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A KrasG12D-driven genetic mouse model of pancreatic cancer requires glypican-1 for efficient proliferation and angiogenesis

Abstract

Pancreatic ductal adenocarcinomas (PDACs) exhibit multiple molecular alterations and overexpress heparin-binding growth factors (HBGFs) and glypican-1 (GPC1), a heparan sulfate proteoglycan that promotes efficient signaling by HBGFs. It is not known, however, whether GPC1 has a role in genetic mouse models of PDAC. Therefore, we generated a GPC1 null mouse that combines pancreas-specific Cre-mediated activation of oncogenic Kras (KrasG12D) with deletion of a conditional INK4A/Arf allele (Pdx1-Cre;LSL-KrasG12D;INK4A/Arflox/lox;GPC1−/− mice). By comparison with Pdx1-Cre;LSL-KrasG12D;INK4A/Arflox/lox mice that were wild type for GPC1, the Pdx1-Cre;LSL-KrasG12D;INK4A/Arflox/lox;GPC1−/− mice exhibited attenuated pancreatic tumor growth and invasiveness, decreased cancer cell proliferation and mitogen-activated protein kinase activation. These mice also exhibited suppressed angiogenesis in conjunction with decreased expression of messenger RNAs encoding several pro-angiogenic factors and molecules, including vascular endothelial growth factor-A (VEGF-A), SRY-box containing gene (SOX17), chemokine C-X3-C motif ligand 1 (CX3CL1) and integrin β3 (ITGB3). Moreover, pancreatic cancer cells isolated from the tumors of GPC1−/− mice were not as invasive in response to fibroblast growth factor-2 (FGF-2) as cancer cells isolated from wild-type mice, and formed smaller tumors that exhibited an attenuated metastatic potential. Similarly, VEGF-A and FGF-2 did not enhance the migration of hepatic endothelial cells and immortalized murine embryonic fibroblasts isolated from GPC1 null mice. These data demonstrate in an oncogenic Kras-driven genetic mouse model of PDAC that tumor growth, angiogenesis and invasion are enhanced by GPC1, and suggest that suppression of GPC1 may be an important component of therapeutic strategies in PDAC.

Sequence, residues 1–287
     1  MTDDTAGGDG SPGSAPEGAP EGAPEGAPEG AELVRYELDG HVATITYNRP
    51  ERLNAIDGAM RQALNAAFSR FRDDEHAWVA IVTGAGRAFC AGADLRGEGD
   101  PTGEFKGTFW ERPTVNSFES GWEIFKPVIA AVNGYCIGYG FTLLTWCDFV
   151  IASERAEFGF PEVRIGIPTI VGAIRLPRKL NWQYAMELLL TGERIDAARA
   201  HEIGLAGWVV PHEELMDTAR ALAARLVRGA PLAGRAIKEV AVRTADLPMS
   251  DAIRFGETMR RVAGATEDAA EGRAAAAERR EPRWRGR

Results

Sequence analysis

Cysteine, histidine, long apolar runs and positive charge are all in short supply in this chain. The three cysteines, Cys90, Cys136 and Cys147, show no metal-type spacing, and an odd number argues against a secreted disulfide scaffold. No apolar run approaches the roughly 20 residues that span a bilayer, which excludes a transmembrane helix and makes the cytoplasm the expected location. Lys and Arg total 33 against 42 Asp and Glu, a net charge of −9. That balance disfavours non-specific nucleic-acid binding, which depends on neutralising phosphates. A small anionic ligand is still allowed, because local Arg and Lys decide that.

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Acknowledgements

We thank Dr Daniel Longnecker (Dartmouth Medical School) for his expert assistance in the evaluation of pancreatic tumor pathology. This work was supported by two US Public Health Service Grant (CA-R37-075059) awarded to MK. CAW was supported by a Ruth L Kirschstein National Research Service Award, F32 CA-144579 from the National Cancer Institute.

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Correspondence to M Korc.

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Whipple, C., Young, A. & Korc, M. A KrasG12D-driven genetic mouse model of pancreatic cancer requires glypican-1 for efficient proliferation and angiogenesis. Oncogene 31, 2535–2544 (2012). https://doi.org/10.1038/onc.2011.430

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Keywords

  • pancreatic cancer
  • glypican-1
  • proliferation
  • angiogenesis
  • tumor microenvironment

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